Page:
The black uniforms of the Buffalo High School marching band stood in stark contrast to the snowflakes swirling around them. Within minutes, the back of each uniform was plastered with snow.
Still the 90 members of the band soldiered on, focused only on perfecting their show “Stonehenge.”
That work ethic and dedication, which was displayed a few hours prior to the Wyoming High School Activities Association State Marching Band Competition in Casper on Oct. 13, is a large part of the reason the band continues to be ranked “superior” in the competition year after year, according to band director Jason Bennett.
“They are just great kids, and we finally have this understanding and relationship where they do what I ask them to without asking any questions,” Bennett said. “I had no idea that it was blizzarding as hard as it was when I sent them out to rehearse. But they just did what I asked them to. I think that says a lot about these students. No matter what it takes and no matter how hard it is, they always dig in and do the work.”
That work ethic paid off again this year as the BHS band received a superior rating – the highest honor possible – for the 12th straight year at the state competition. Out of 21 competing teams this year, only 13 received a superior rating.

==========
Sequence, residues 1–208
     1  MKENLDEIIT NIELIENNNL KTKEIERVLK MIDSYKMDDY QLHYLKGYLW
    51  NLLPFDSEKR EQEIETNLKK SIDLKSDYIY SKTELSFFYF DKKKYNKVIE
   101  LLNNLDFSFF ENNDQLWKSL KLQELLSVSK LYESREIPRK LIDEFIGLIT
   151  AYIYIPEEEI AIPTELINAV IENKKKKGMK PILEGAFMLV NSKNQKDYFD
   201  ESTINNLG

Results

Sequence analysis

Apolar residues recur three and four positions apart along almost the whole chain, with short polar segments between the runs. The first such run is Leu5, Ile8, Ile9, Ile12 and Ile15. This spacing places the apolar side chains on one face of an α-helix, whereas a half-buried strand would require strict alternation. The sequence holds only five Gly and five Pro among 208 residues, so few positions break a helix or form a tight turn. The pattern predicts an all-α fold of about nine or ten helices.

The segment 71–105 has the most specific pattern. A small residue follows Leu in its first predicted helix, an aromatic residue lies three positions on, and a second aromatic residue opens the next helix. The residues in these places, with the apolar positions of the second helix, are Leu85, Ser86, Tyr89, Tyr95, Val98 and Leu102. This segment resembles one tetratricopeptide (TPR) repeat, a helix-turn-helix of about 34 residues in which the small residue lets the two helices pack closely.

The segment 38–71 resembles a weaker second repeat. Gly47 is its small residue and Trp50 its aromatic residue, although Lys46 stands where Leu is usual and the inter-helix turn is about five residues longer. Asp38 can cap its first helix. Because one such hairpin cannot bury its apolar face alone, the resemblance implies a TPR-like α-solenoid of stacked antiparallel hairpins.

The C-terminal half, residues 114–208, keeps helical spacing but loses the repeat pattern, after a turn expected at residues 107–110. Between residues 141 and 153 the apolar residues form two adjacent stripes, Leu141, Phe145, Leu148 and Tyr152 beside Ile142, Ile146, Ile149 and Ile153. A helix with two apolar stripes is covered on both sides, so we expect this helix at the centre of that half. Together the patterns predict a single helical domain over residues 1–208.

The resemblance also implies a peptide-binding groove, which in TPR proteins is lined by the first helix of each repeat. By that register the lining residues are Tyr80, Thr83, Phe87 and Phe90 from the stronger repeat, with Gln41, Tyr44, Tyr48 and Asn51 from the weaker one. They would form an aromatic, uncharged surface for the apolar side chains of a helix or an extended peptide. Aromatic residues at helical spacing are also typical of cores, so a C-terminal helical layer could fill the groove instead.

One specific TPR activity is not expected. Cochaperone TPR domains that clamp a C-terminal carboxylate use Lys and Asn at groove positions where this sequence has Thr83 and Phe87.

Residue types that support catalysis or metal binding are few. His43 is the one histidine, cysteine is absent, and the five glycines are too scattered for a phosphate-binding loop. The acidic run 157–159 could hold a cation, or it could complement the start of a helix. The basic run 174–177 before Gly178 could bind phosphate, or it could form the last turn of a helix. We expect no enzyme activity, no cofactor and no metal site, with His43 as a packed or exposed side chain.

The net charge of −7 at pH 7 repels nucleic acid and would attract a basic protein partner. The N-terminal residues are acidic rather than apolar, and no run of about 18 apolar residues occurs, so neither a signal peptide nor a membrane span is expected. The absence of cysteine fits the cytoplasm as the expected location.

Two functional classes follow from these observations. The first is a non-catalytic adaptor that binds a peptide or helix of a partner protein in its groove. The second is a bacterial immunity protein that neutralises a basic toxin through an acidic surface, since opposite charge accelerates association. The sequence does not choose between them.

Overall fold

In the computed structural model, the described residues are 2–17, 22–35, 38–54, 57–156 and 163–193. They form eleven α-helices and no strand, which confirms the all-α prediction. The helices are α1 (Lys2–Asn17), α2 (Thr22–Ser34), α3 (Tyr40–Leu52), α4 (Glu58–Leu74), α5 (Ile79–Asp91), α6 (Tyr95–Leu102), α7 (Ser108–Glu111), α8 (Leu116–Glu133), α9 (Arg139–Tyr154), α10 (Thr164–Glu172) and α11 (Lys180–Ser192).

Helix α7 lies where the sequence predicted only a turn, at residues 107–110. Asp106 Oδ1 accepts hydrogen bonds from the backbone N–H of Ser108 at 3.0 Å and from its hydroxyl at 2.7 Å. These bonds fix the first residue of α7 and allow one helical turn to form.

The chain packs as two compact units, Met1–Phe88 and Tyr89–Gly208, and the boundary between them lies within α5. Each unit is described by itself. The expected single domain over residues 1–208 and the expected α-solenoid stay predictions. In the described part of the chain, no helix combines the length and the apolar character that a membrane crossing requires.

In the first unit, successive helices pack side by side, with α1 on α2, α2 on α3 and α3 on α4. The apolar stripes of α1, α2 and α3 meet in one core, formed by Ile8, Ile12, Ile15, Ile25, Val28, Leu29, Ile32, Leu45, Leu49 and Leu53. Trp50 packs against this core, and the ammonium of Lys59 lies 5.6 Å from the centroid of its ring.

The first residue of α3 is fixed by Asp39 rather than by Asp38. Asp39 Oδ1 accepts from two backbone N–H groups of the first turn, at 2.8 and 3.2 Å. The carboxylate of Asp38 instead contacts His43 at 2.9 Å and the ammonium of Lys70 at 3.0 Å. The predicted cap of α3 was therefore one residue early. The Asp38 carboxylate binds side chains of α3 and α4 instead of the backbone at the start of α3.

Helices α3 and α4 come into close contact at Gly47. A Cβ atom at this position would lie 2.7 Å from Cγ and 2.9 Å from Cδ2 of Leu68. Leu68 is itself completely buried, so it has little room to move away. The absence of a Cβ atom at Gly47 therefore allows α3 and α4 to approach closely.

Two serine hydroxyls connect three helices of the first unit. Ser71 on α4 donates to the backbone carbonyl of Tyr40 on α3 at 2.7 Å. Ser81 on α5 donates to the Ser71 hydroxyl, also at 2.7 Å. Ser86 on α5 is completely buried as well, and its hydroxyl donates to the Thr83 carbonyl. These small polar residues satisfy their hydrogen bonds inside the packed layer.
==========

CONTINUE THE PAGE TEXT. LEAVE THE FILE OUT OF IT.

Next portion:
The BHS band received 783 points this year – up from last year’s 748 points.
Bennett said the judges were impressed with how well the students handled both the complex music and the marching drill.
“The performances are ranked entirely on how well the students perform in their individual shows,” Bennett said. “So there were several schools that performed less of a show than we did and scored higher. But the judges were really impressed with the complexity of our show and how the band performed it really well.”
While the judges were generally complimentary of the show, Bennett said, they did have some “nitpicks” about the performances of individual students in the band – from missing a turn to not being properly spaced.
“That’s just going to happen,” Bennett said. “It’s hard to get all 90 students to fully commit and function as one. But I feel like we did pretty well overall, and the judges obviously agreed.”
With state marching over, the band will move on to other projects, including preparing to perform during the Holiday Bowl in San Francisco on New Year’s Eve. The next months will certainly bring challenges for the band, but Bennett said he is confident his students will continue to give the band their all.
“The best thing the Bison band does that separates them from the rest is that they play from the heart,” Bennett said. “They lay it all out there when they come out to perform. They’re a very emotional bunch of young humans, and they are not afraid to expose themselves and express that emotion through their music. Sometimes, that passion can result in overplaying a little bit, but I would rather have them err on the side of being too passionate. That’s a good problem to have, you know?”